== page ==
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Trend Inflation and the Unemployment Volatility Puzzle

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  • Sergio A. Lago Alves

Abstract

I show that the combination of small positive trend inflation with staggered prices may account for the large relative volatilities found in US labor market data. The model does not have any wage rigidity and is hit only by an aggregate technology shock. The calibration procedure uses standard parameter values. Controlling for the sample average of the CPI inflation rate and the degree of price stickiness, the model solves the Shimer (2005) puzzle and explains the volatilities observed during two important sample periods: full sample (1951-2005) and Great Moderation (1985-2005).

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Bibliographic Info

Paper provided by Central Bank of Brazil, Research Department in its series Working Papers Series with number 277.

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Date of creation: May 2012
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Handle: RePEc:bcb:wpaper:277

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Cited by:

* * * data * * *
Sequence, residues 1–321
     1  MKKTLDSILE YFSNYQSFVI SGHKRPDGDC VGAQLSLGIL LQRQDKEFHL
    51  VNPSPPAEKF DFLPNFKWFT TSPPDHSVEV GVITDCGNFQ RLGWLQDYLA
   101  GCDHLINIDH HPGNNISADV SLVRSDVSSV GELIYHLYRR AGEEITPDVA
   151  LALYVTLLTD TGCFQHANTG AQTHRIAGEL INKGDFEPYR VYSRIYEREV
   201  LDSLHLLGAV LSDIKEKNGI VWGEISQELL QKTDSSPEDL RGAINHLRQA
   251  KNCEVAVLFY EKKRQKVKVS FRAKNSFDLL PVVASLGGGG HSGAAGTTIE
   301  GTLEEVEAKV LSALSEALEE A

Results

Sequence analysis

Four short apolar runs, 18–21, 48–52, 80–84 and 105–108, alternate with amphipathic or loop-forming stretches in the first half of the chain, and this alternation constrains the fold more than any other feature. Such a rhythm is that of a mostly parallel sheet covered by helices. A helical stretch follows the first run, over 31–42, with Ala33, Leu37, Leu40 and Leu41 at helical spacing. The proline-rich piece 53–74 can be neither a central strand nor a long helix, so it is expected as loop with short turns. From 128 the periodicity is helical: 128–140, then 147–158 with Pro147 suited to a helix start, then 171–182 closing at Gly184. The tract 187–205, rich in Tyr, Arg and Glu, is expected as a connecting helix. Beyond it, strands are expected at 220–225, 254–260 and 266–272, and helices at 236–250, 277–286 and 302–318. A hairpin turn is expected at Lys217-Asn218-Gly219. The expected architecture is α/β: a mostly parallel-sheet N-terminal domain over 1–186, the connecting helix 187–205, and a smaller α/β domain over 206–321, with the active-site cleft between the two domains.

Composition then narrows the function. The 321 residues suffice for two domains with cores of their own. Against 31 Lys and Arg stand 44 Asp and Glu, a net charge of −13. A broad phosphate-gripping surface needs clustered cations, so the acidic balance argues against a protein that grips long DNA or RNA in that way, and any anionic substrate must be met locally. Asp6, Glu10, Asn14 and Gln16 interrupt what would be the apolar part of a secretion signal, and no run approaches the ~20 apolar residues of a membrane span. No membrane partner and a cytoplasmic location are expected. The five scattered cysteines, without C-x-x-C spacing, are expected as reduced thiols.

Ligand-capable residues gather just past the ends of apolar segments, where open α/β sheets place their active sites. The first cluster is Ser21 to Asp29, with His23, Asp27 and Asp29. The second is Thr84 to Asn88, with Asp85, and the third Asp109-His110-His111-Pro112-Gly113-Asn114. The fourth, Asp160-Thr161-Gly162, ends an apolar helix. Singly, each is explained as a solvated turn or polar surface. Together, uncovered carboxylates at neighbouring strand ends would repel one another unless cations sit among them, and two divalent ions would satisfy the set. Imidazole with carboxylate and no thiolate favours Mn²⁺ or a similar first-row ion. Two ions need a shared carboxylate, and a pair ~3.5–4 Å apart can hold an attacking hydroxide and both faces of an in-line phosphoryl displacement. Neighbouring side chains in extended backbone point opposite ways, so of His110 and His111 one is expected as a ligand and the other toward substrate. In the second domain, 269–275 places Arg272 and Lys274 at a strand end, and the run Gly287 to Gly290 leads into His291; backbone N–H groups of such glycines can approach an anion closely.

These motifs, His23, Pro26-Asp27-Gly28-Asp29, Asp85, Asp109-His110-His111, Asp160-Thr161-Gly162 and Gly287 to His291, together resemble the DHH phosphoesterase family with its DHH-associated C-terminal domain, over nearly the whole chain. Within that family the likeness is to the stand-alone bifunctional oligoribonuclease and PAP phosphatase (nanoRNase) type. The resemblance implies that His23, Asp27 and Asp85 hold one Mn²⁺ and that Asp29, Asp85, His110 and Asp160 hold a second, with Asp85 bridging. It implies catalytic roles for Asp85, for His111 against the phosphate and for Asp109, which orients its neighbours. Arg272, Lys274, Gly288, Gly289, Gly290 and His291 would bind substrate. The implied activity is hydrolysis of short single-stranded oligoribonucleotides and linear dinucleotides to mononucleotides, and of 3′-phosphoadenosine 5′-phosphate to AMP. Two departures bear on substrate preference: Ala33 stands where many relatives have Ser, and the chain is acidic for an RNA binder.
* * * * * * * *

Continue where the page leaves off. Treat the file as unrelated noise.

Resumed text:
1. Waldyr Areosa & Marta Areosa, 2012. "Information (in) Chains: information transmission through production chains," Working Papers Series 286, Central Bank of Brazil, Research Department.
  2. Theophilos Papadimitriou & Periklis Gogas & Benjamin M. Tabak, 2013. "Complex Networks and Banking Systems Supervision," Working Papers Series 306, Central Bank of Brazil, Research Department.
  3. Angelo Marsiglia Fasolo, 2012. "A Note on Particle Filters Applied to DSGE Models," Working Papers Series 281, Central Bank of Brazil, Research Department.
  4. Bruno Martins, 2012. "Local Market Structure and Bank Competition: evidence from the Brazilian auto loan market," Working Papers Series 299, Central Bank of Brazil, Research Department.
  5. Sergio A. Lago Alves, 2013. "Is the Divine Coincidence Just a Coincidence? The Implications of Trend Inflation," Working Papers Series 329, Central Bank of Brazil, Research Department.

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